Due to the presence of dietary substances, edible mushrooms are classified as functional foods [9, 11]. Due to this advantage, it is possible to enrich the mycelium from in vitro cultures with appropriate precursors of active substances to obtain an increased amount of those substances. Various crop modifications are also applied; for example, in the case of Agaricus bisporus species, exposing the developing fruiting bodies to UV light leads to a high content of vitamin D3 . Similarly, lovastatin content can be increased in the fruiting bodies of edible mushrooms by modifying the medium composition and optimizing the culture conditions. Mushrooms also have the ability to accumulate drugs and, hence, there is a possibility to maximize the content of desired drugs in their fruiting bodies [31,32,33].
The aim of this study was to determine the content of lovastatin in the lyophilized fruiting bodies of four edible mushroom species, namely A. bisporus, Cantharellus cibarius, Imleria badia, and Lentinula edodes, and in the lyophilized mycelium from the in vitro cultures of these species. Qualitative and quantitative analyses were performed using reversed-phase high-performance liquid chromatography (RP-HPLC). To determine the actual amount of lovastatin available to the human body, the release of this compound from mushroom material (fruiting bodies and mycelium from in vitro cultures) into artificial digestive juices was evaluated in a Gastroel-2014 apparatus. Thus far, there are no studies available evaluating the release of lovastatin from fruiting bodies and mycelium from the in vitro cultures of edible mushrooms into digestive juices. The present study is the first to determine the content of lovastatin in digestive juices after extraction of the fruiting bodies of edible mushrooms and mycelium from in vitro cultures. This process worked most efficiently for L. edodes and, therefore, this species was selected for further research, in which the ability of the in vitro cultures of this species to accumulate lovastatin from the culture medium was evaluated. For this purpose, the medium was enriched with lovastatin and tablets of two commercial preparations containing this compound—Liprox and Lovasterol. The results showed that bioaccumulation of lovastatin by mycelium may allow enriching the mushroom culture to obtain a product with increased anticholesterol activity. In the next stage of the study, the release of lovastatin from the lyophilized biomass of the in vitro cultures of L. edodes into artificial digestive juices was evaluated.
Materials and methods
The fruiting bodies of A. bisporus (J.E. Lange) Imbach, L. edodes (Berk.) Pegler of commercial origin, and C. cibarius Fr. and I. badia (Fr.) Vizzini collected from the natural environment—mixed forests of Southern Poland near Nowy Sącz—were used in the experiment. They were cleaned of plants and remnants and then lyophilized. The taxonomic identification was performed with MycoKey 4.1 software (http://www.mycokey.com) by an expert B. Muszyńska. Representative voucher specimens were deposited at the Department of Pharmaceutical Botany, Jagiellonian University Medical College, Krakow, Poland.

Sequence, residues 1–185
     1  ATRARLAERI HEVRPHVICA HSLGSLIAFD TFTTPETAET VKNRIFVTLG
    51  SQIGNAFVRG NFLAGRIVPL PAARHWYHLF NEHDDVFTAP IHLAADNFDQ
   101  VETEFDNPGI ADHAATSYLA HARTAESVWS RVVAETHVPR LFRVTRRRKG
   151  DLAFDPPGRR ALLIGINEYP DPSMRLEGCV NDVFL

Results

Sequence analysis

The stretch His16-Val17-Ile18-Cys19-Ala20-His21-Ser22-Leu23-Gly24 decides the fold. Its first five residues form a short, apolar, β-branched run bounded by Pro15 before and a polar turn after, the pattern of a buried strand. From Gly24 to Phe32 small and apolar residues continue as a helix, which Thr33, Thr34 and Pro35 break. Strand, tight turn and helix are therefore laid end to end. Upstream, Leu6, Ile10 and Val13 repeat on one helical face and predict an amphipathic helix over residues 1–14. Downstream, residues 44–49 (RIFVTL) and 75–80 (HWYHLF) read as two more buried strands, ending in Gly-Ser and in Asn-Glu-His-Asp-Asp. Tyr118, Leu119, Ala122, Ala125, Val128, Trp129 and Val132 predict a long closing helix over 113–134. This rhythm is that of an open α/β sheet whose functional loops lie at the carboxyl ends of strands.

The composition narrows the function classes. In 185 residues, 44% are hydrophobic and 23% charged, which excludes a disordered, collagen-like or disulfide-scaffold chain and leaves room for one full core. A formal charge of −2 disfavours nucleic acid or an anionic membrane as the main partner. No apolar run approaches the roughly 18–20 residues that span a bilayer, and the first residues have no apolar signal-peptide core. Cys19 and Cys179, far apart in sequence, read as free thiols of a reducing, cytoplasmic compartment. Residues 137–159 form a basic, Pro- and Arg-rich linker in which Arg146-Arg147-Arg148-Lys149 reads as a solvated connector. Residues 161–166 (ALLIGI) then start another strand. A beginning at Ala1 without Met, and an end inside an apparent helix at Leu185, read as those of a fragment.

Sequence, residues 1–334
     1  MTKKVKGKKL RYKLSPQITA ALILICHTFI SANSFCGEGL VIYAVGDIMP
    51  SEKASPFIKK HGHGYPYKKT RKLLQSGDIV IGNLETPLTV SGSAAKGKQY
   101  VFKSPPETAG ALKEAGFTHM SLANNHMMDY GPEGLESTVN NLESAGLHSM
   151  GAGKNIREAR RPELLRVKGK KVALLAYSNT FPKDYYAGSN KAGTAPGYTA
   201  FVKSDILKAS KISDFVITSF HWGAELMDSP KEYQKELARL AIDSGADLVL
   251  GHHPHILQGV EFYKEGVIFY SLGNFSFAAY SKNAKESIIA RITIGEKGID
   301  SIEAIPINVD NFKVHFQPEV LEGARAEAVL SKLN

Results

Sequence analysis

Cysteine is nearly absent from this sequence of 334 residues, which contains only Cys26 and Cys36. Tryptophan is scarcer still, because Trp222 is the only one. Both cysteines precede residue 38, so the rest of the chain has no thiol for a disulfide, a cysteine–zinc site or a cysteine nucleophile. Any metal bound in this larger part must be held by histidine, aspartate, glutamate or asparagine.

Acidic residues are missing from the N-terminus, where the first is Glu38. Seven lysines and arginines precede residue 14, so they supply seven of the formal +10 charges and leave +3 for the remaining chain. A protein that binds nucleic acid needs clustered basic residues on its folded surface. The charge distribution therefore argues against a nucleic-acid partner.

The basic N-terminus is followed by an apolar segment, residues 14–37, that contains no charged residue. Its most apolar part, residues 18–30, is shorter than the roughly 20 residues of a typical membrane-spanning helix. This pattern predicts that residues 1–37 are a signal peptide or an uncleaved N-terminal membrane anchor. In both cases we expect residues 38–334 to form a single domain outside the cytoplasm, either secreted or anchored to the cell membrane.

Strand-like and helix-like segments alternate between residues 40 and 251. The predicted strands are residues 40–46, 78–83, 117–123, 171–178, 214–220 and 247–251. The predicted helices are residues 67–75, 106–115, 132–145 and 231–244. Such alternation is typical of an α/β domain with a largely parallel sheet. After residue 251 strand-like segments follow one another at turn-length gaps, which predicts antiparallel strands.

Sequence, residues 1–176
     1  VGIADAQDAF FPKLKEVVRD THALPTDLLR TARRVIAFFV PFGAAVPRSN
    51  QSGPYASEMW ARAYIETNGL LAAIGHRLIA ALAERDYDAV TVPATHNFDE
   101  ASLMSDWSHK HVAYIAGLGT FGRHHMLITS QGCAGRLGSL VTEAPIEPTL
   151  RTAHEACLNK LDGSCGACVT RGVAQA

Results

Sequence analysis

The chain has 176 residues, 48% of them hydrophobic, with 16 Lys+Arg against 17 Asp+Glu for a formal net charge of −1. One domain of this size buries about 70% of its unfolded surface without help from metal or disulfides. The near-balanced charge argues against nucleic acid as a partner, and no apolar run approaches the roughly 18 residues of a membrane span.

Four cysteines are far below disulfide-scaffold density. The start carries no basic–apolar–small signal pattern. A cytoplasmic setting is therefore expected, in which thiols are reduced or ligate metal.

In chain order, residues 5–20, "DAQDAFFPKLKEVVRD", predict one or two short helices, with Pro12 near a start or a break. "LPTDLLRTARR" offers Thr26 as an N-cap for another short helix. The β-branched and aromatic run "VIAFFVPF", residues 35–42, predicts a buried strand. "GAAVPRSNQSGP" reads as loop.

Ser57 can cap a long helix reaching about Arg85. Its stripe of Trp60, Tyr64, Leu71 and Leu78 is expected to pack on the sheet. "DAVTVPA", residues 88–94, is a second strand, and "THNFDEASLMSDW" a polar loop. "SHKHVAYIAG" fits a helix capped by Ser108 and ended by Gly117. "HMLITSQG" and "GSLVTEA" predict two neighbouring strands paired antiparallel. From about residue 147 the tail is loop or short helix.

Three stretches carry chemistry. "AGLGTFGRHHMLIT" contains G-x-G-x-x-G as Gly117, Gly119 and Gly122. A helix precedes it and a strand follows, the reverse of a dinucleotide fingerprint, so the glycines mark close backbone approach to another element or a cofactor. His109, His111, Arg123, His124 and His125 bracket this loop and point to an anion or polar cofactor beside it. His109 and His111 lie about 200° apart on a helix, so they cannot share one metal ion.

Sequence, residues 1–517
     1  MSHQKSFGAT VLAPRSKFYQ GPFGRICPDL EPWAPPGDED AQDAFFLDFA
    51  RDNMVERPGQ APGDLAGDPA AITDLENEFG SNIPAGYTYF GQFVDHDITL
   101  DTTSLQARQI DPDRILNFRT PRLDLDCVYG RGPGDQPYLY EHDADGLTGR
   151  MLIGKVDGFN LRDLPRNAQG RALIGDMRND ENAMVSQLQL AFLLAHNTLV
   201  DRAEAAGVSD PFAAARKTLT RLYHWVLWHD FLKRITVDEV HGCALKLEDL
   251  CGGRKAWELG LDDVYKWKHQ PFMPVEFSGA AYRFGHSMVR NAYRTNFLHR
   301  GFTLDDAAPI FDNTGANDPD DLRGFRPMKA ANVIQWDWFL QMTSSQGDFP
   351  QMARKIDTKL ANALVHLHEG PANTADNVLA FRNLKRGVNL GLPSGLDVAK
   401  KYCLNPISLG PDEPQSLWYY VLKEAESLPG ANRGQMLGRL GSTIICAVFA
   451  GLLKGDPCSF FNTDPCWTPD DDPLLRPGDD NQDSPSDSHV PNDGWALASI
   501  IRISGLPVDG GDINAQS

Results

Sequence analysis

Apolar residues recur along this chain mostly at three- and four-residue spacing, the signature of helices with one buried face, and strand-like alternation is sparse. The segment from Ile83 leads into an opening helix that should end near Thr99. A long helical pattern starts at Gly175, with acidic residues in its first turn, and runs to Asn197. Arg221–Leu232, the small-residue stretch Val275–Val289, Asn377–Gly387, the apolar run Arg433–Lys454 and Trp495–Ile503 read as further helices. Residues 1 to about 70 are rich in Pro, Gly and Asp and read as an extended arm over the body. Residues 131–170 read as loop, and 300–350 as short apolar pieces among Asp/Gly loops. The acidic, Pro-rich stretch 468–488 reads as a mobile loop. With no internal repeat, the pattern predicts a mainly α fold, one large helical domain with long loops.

To carry out the experiment, in vitro cultures of the abovementioned species were established on a modified liquid medium according to Oddoux .
The mycelial cultures were derived from the previously prepared explants of the fruiting bodies of A. bisporus and L. edodes of commercial origin as well as from C. cibarius and I. badia collected from the natural environment. For this purpose, a part of the hymenium was first defatted with 70% ethanol for several seconds, and the material was sterilized with a 15% solution of sodium chlorate for 2 min. Then the fragments of fruiting bodies were rinsed several times with redistilled water and transferred to the Oddoux solid medium (laminar airflow). After 2 weeks of in vitro culture, 250 mL of the modified liquid medium (Oddoux) was transferred to the solid medium.
In the next stage of the experiment, mycelium from the in vitro cultures of L. edodes was transferred to 250 mL of the modified liquid medium containing 20 mg of lovastatin in the form of a chemical compound (Sigma-Aldrich, Darmstadt, Germany), weighed on the analytical scales, and in the form of tablets of Liprox and Lovasterol preparations containing 20 mg of lovastatin, respectively.
The cultures were established on the liquid medium to obtain the highest possible amount of biomass for use in further analyses. The cultures were shaken at 140 rpm (Altel, Łódź) and then incubated at a temperature of 25 ± 2 °C under a cycle resembling natural light conditions. Liquid in vitro cultures were shaken for 2 weeks, and then again transferred to a new medium to obtain a sufficient amount of biomass for the study.
After 2 weeks of establishing the in vitro culture of the tested mushroom species on the liquid medium, biomass was separated from the medium and rinsed several times with four-time distilled water. The obtained biomass was frozen and then lyophilized. The lyophilized samples were weighed.
Preparation of artificial digestive juices
A solution of artificial saliva with a pH of 6.7 (4.355 g K2HPO4, 3.407 g Na2HPO4, 15.018 g KHCO3, 5.844 g NaCl, 0.142 g MgCl2, 80.114 g citric acid, 1.665 g CaCl2)  was prepared by dissolving the weighed contents in a small amount of four-time distilled water. Then the solution was transferred to a flask and topped up with water up to 1000 mL.
A solution of artificial gastric juice with a pH of 2 (2.0 g NaCl and 3.2 g pepsin)  was prepared by dissolving the weighed contents in a small amount of four-time distilled water. The solution was transferred to a flask, and then 80 mL of 1 M HCl was added. The solution was topped up with water up to 1000 mL.